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UBC Theses and Dissertations

Hydrodynamic performance of an artificial aortic valve implant Aminzadeh, Mohammad

Abstract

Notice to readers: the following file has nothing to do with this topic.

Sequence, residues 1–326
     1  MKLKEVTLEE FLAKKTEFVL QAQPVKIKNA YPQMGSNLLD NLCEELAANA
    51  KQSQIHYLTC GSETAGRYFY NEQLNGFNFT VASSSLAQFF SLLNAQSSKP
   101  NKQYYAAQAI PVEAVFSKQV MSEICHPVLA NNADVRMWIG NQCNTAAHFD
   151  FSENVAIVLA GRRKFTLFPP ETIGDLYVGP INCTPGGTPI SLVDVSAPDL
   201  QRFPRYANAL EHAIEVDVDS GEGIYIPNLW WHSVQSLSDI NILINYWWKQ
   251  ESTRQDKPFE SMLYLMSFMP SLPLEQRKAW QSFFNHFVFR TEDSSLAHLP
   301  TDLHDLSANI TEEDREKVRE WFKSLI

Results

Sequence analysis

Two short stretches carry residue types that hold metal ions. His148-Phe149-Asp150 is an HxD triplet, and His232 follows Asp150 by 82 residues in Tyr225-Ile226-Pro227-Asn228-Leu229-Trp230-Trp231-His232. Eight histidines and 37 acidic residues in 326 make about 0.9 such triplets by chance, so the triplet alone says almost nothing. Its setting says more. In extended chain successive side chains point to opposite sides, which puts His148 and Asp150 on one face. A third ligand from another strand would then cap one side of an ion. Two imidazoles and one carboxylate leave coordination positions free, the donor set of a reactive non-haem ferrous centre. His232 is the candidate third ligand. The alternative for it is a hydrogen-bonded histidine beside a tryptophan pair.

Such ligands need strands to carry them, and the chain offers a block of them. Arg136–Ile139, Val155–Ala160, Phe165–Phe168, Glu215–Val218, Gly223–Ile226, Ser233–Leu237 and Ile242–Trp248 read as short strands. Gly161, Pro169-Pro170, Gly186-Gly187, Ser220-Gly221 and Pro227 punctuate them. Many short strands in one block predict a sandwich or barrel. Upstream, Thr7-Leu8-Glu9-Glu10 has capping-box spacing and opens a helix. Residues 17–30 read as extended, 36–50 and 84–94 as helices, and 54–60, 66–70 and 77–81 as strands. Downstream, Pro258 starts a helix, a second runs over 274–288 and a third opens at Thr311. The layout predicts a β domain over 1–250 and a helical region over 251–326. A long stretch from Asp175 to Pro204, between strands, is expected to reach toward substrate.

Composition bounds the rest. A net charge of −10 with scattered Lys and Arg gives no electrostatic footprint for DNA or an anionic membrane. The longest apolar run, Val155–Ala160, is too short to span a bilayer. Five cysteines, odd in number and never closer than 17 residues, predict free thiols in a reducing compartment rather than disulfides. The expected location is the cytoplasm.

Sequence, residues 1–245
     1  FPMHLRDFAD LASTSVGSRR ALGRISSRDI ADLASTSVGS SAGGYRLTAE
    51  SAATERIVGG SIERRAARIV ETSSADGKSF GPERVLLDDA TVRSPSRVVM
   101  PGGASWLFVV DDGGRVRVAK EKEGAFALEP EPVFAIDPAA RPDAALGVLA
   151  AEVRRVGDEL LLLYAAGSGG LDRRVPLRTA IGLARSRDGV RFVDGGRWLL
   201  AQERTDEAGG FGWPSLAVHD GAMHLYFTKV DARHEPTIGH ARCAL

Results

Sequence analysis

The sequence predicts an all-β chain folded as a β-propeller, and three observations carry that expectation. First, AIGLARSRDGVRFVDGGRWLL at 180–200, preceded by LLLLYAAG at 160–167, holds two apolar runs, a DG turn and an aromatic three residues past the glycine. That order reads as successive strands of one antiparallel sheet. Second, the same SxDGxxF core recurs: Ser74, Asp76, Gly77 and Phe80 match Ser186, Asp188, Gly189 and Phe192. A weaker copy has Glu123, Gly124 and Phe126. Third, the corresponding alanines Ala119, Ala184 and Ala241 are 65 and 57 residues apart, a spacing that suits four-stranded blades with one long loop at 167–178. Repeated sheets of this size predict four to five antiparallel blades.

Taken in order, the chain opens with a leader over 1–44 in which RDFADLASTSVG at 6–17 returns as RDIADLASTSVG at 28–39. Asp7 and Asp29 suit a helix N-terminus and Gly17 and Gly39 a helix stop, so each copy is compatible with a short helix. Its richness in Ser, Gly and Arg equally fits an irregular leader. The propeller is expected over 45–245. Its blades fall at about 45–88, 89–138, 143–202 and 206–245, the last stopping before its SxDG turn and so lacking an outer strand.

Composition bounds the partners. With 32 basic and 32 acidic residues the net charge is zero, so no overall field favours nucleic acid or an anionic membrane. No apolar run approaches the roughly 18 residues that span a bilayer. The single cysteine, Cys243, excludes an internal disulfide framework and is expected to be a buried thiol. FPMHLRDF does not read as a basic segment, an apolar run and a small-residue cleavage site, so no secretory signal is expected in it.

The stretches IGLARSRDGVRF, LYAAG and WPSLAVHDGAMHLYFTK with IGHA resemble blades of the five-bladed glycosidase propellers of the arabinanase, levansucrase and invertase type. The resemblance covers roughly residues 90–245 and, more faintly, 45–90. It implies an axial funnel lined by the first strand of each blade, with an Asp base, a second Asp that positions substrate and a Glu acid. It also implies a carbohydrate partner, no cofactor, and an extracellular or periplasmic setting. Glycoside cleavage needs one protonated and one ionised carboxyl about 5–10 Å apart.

The project aims at studying fluid dynamics of a prosthetic aortic heart valve through an organized experimental programme with a view to obtain better appreciation of factors affecting its performance and eventual failure. The problem is approached in stages representing an increasing order of difficulties in terms of experimental set-up and interpretation of data. Design, construction and calibration of the glycerol tunnel, which formed the fundamental test facility for the project, are described briefly in the beginning followed by an introduction to the test models and monitoring instrumentation. A simple theory for wedge shaped hot film anemometer is developed and velocity profiles with and without models in the test section presented. Essentially the test programme consists of three stages: (i) a single sphere by itself during stationary and oscillating conditions, R[sub n] = 74 - 5838; (ii) a stationary spherical poppet occupying different positions in the cage representing quasi-steady opening and closing of the valve, R[sub n] = 220 - 1200; (iii) poppet pulsating according to the recorded displacement-time history when implanted in a patient, R[sub n] = 290 - 650. A careful choice of reference pressure and velocity results in presentation of data in a manner that would permit reproduction and comparison of results by investigators using different test facilities. The static pressure distribution data and resulting information on the average base pressure, separating shear layers, its movement, etc. are obtained for closed and open bypass conditions of the tunnel, the latter representative of regurgitation. An extensive flow visualization programme using the dye injection procedure in conjunction with still and high speed movie photography complemented the experimental data. It resulted in better appreciation of the physical character of the flow. Studies with a single sphere vividly showed the progress of formation, elongation and instability of the vortex ring with the Reynolds number. Of particular interest was the distinct rise in the minimum and base pressures in the Reynolds number range of 240 - 475, which was found to be associated with the onset of instability of the vortex ring leading to its periodic shedding. In general, the Reynolds number effects were confined to the region near and downstream of the minimum pressure point. The experimental results clearly suggested inherent limitations in the analytical procedures for predicting pressure distribution as proposed by several investigators. On the other hand, the pressure integrated drag results compared favourably with the directly measured drag data reported in the literature thus substantiating the reliability of the pressure measurements. Coming to the pulsating sphere, effects of the oscillation frequency, Reynolds number and sphere position are investigated during both forward and reverse strokes of a cycle. Influence of the Beta number is confined to the local changes in the character of the base pressure plots without substantially affecting their average magnitudes. A decrease in y[sub s] leads to increase in the minimum and average wake pressures together with a forward movement of the separation point during the forward stroke. The general character of the pressure profiles remains the same during the reverse stroke, however, the magnitudes involved are markedly different. Next, the thesis discusses a more realistic situation, from the configuration consideration, of a stationary poppet occupying different positions in the cage. The Reynolds number influence, which is more significant for y[sub b] < 0.2, is essentially reflected in the increase of the wake pressure. A significant rise in the negative pressure coefficient at y[sub b] ≤ 0.1 would suggest large shearing stresses leading to possible deformation and destruction of the red blood cells. The presence of distributed vorticity and the associated centrifugal field in the wake are suspected to be the fundamental factors promoting dissociation of the blood into its constituents and finally their deposition on the body of the valve. Finally, the case of poppet oscillating inside the valve is considered which shows the effect of valve opening on C[sub p] to be far greater than that observed during the stationary case. The high negative pressure, at the pulsation frequency, in the wake region and the associated large periodic shear stresses are likely to cause not only coagulation of the cells leading to clotting but may be responsible for rupturing of the suture lines in the implanted prosthetic valve, as often encountered in practice.

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